Tuesday, September 21, 2010

Price of Steel rises---Can't be China's fault, can it? Dang it! It is...see nifty graphs illustrating this change!!

China increasingly is able to influence the price of raw materials in the world-wide marketplace...

Steel-Price Rise Defies Forecasts
Despite predictions that world-wide steel prices would remain weak for the rest of 2010, they have started to climb for several types of the metal used in products ranging from ships to tin cans, appliances and oil pipelines. The recent increases, which follow a summer of soft prices, are as high as 12% and as low as 1%, depending on the kind of product and the location. They reflect cutbacks in China as steel producers there lower output to meet the government's year-end energy-savings target.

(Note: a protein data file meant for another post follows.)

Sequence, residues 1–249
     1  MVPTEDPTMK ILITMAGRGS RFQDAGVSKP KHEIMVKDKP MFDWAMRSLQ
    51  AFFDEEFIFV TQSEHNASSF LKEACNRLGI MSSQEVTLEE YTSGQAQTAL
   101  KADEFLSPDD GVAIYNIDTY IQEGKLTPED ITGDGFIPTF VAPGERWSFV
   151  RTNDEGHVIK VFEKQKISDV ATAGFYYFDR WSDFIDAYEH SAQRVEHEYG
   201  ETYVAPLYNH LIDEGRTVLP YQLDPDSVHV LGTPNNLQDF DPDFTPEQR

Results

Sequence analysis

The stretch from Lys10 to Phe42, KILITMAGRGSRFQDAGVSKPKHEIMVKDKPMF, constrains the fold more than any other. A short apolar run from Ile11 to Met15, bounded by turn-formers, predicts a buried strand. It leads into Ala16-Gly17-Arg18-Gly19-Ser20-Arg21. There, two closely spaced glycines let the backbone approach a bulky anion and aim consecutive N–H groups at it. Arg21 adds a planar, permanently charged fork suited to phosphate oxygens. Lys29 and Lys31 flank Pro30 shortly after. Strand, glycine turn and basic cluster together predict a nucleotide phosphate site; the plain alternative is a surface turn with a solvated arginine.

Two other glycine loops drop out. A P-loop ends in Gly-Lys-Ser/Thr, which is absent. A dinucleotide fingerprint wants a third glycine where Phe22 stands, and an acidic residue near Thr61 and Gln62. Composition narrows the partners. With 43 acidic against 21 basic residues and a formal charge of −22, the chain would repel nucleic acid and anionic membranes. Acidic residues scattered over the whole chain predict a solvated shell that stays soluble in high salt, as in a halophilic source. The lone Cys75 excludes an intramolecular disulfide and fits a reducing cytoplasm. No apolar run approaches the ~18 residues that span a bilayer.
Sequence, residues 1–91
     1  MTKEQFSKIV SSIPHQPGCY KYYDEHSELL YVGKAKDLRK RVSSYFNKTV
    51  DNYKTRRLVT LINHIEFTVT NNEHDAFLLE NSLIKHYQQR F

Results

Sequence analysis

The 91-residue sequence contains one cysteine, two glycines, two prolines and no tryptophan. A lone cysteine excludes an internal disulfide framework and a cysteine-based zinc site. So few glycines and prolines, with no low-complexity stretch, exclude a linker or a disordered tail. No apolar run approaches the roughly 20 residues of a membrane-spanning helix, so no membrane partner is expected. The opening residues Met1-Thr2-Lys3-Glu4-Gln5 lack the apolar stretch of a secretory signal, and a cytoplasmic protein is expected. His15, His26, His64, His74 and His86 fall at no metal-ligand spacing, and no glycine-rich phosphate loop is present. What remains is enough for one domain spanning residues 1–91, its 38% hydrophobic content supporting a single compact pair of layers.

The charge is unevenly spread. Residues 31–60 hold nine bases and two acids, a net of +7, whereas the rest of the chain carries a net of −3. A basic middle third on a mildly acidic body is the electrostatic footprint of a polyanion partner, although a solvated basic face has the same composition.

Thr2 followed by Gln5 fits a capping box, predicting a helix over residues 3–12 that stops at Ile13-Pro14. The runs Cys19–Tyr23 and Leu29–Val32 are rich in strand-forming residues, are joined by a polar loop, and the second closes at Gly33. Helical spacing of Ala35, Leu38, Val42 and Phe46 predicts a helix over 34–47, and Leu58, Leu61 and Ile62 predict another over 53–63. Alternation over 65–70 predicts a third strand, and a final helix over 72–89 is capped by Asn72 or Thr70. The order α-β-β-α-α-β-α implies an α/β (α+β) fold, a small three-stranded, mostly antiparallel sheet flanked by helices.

The first graph represents the steel market in equilibrium...
This second graph illustrates the highlighted portion from the quote above.  The supply curve shifts to the LEFT ("Supply 1") representing a decrease in SUPPLY.  We know the supply curve shifts to the left because as a result of the Chinese action, at EVERY price there is going to be LESS quantity supplied RELATIVE to the quantity supplied on the original supply curve.  As the supply curve shifts left, we move upwards and to the left ON the demand curve until we reach a new market equilibrium at P1 and Q1.  The market quantity is less than it was and the market price is higher than it was. 
How much are prices going to rise? The graphic below gives you some idea of how spot prices in the steel market have been affected...Please note that the prices COULD be affected by other varibles in the market, but this article suggests that the decrease in production by the Chinese plays a significant role.
Wall Street Journal
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